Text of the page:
Mariners look to silence Reysol
Kashiwa Reysol have some of the most passionate supporters in the J.League and the Mariners won't be welcomed, but they can definitely silence the underperforming Japanese side.
If the Central Coast Mariners are to reach the Round of 16 in the AFC Champions League they almost certainly need to win at least one game away from home.
Had midfielder Nick Montgomery scored from the penalty spot against South Korean side Suwon Bluewings in the Mariners- opening ACL match, Graham Arnold-s men would have travelled to Japan to face reigning Emperor-s Cup champions Kashiwa Reysol in a strong position.
Instead Suwon goalkeeper Jung Sung-Ryong held his nerve to deny the Englishman from 11 metres, however all is not lost for a Central Coast side looking for a confidence boost as they come up against a Kashiwa outfit in scratchy form themselves.
The side from north-western Chiba was thumped 3-0 by capital club FC Tokyo at the weekend in a match in which Reysol coach Nelsinho-s team looked decidedly shaky in defence.
Central defenders Naoya Kondo and Daisuke Suzuki were caught square after just six minutes by a simple through ball from FC Tokyo midfielder Takuji Yonemoto, and as the pair appealed in vain for offside, striker Kazuma Watanabe thumped home a routine opener.
It was to be the start of a torrid afternoon for the Kashiwa defence and just over 20 minutes later they fell asleep to leave Watanabe completely unmarked as he rattled home on the half-volley from Keigo Higashi-s mis-hit shot.
And after FC Tokyo-s new star recruit Tadanari Lee came off the bench to thump a shot against the crossbar, the impressive Ariajasuru Hasegawa eventually completed a comfortable win for the Gasmen by blasting home from just inside the penalty area.
It wasn-t the first time Kashiwa has been outclassed this season.
Last season-s Cup winners played second fiddle to J. League champions Sanfrecce Hiroshima in the season-opening Super Cup, going down 1-0 courtesy of a sensational Hisato Sato volley and looking second-best throughout.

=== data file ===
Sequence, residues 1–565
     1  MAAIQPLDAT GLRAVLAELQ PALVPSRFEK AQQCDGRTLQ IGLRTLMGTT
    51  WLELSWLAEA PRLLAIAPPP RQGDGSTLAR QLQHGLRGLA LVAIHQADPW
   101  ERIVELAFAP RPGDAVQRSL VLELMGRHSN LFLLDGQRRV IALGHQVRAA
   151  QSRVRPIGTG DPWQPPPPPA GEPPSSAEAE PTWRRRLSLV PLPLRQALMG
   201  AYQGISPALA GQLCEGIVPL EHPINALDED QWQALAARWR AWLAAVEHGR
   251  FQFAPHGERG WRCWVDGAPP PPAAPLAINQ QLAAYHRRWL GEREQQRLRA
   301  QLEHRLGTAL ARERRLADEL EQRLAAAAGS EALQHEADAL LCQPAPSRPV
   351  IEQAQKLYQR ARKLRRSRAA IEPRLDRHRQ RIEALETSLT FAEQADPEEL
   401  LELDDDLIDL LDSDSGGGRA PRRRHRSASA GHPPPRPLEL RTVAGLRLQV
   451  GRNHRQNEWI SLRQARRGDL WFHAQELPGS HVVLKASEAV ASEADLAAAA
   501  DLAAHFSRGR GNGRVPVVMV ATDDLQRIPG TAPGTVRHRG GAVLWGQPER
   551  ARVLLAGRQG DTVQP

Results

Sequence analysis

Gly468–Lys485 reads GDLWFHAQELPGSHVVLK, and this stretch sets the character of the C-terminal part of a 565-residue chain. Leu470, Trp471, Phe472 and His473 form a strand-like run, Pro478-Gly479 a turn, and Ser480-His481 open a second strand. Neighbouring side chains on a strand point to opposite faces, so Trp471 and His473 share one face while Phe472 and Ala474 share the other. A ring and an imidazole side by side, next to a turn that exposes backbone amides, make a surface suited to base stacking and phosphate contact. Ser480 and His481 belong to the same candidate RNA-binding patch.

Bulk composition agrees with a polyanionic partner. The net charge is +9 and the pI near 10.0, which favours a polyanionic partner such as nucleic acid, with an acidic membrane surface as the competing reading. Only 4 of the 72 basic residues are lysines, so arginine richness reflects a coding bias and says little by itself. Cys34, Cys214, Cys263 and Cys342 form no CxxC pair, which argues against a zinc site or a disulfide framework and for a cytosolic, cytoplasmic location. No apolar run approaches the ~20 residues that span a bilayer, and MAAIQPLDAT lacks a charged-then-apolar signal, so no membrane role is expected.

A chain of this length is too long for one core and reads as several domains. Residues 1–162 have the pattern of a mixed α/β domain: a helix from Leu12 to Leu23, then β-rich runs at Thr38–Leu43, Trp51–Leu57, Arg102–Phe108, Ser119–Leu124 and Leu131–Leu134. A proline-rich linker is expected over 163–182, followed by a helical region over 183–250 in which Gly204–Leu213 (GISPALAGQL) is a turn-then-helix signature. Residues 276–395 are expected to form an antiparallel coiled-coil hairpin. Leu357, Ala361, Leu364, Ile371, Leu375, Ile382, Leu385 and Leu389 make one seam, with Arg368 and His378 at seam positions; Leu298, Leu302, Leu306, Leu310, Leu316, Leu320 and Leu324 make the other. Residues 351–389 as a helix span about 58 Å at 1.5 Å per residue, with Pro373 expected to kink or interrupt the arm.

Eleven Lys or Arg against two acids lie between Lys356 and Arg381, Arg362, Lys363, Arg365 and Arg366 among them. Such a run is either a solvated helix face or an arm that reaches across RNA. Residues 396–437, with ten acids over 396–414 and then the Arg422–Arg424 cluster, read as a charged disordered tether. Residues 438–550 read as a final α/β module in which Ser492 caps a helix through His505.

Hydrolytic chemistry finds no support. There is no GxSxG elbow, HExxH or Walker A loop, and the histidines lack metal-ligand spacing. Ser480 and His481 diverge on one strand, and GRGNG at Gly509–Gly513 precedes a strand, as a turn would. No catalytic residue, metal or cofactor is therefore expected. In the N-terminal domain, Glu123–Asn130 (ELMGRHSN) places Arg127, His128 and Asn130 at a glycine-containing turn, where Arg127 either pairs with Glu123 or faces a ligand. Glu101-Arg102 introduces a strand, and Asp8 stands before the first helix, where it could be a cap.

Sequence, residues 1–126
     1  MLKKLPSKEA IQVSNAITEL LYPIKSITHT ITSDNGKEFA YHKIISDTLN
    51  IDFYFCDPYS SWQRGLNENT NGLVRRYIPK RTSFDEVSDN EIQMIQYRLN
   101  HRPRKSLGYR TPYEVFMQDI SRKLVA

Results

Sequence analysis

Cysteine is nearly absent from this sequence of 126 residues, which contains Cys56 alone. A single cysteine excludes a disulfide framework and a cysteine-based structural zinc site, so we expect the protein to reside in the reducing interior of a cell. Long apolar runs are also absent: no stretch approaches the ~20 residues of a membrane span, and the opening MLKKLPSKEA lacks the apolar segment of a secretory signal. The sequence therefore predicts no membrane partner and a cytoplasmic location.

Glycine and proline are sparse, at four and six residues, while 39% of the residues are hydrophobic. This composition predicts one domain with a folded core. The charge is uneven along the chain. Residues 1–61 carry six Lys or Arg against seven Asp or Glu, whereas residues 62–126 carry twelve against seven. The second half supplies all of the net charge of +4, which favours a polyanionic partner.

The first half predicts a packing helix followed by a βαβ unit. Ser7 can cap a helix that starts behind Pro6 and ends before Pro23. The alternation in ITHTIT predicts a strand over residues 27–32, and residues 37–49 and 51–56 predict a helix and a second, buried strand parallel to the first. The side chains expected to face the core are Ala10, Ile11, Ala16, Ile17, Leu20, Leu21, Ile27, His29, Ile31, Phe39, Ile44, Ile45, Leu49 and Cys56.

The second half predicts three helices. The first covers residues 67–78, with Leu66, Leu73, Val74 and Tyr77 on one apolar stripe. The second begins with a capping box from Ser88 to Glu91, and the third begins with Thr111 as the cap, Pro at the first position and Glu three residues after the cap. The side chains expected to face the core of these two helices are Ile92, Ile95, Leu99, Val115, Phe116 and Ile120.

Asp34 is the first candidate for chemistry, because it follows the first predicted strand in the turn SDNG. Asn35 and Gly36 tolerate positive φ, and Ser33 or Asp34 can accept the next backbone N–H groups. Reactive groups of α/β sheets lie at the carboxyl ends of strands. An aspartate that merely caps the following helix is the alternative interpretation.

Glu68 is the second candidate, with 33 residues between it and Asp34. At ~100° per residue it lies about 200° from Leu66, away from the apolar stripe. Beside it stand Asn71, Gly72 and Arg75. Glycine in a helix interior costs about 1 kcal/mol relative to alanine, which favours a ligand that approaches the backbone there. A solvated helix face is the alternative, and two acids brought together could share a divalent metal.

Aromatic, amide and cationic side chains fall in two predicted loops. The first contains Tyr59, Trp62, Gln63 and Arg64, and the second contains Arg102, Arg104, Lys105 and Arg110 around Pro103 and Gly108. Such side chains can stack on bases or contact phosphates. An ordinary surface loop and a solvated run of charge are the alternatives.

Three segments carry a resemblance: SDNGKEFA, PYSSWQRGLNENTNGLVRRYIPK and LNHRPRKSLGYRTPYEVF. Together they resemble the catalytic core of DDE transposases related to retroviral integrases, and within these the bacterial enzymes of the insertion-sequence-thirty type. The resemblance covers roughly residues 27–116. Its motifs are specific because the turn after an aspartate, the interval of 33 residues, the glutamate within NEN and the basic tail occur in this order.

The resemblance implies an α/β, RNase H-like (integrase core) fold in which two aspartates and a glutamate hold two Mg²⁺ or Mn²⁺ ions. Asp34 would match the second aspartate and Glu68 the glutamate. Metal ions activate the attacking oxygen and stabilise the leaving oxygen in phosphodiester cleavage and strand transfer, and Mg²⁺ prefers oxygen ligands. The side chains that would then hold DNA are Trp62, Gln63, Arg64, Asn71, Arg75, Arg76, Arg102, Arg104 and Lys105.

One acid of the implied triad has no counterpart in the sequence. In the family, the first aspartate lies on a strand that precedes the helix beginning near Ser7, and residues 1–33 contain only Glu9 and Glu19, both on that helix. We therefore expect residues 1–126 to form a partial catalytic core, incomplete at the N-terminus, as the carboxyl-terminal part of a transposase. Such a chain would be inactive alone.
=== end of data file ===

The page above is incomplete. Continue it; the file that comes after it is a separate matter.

A narrow 1-0 win away at Chinese side Guizhou Renhe in their opening ACL encounter won-t have papered over the cracks already showing in the Kashiwa back four.
Veteran Naoya Kondo is an old-school bruiser in the heart of the Reysol defence and while younger compatriot Daisuke Suzuki isn-t quite as slow, neither are exactly renowned for their fleetness of foot.
Should Brazilian tactician Nelsinho decide to freshen up the defence, he-s got Hirofumi Watanabe - the seldom-used defender who scored the unlikeliest of Emperor-s Cup winners - to call upon.
But frankly the Reysol back four looks vulnerable against the Mariners- pace and penetration, not least because goalkeeper Takanori Sugeno remains susceptible in the air despite being a tremendous shot-stopper.
There-s one more thing which could favour the Mariners going into this clash - a lack of atmosphere inside Kashiwa-s compact Hitachi Stadium.
While most Japanese clubs enjoy hosting a convivial mix of teenagers, couples and families in the stands, there is no doubt Kashiwa-s fan base is harder-edged.
Some of the worst instances of crowd trouble in the J. League have involved Reysol in one way or another and their supporters are notorious for giving opposing teams a hostile reception.
A narrow warren of neon-lit alleyways and concrete skyscrapers, Kashiwa itself is a nondescript commuter town on the northern fringes of Tokyo.
Perhaps that explains why the locals take so much pride in their club, but the trouble for the Asian Football Confederation is that many of those locals will still be at work when the game kicks off.
Try as they might to replicate the wildly successful European version, what the AFC fails to take into account are some of the cultural differences across the vast confederation - one of which is that employees in East Asian nations tend to work back late.
So while Kashiwa-s hardcore element will do their utmost to take their place behind the goal, there could be plenty of empty seats elsewhere. That could favour the Mariners, who will hope to return from Kashiwa anything but empty-handed.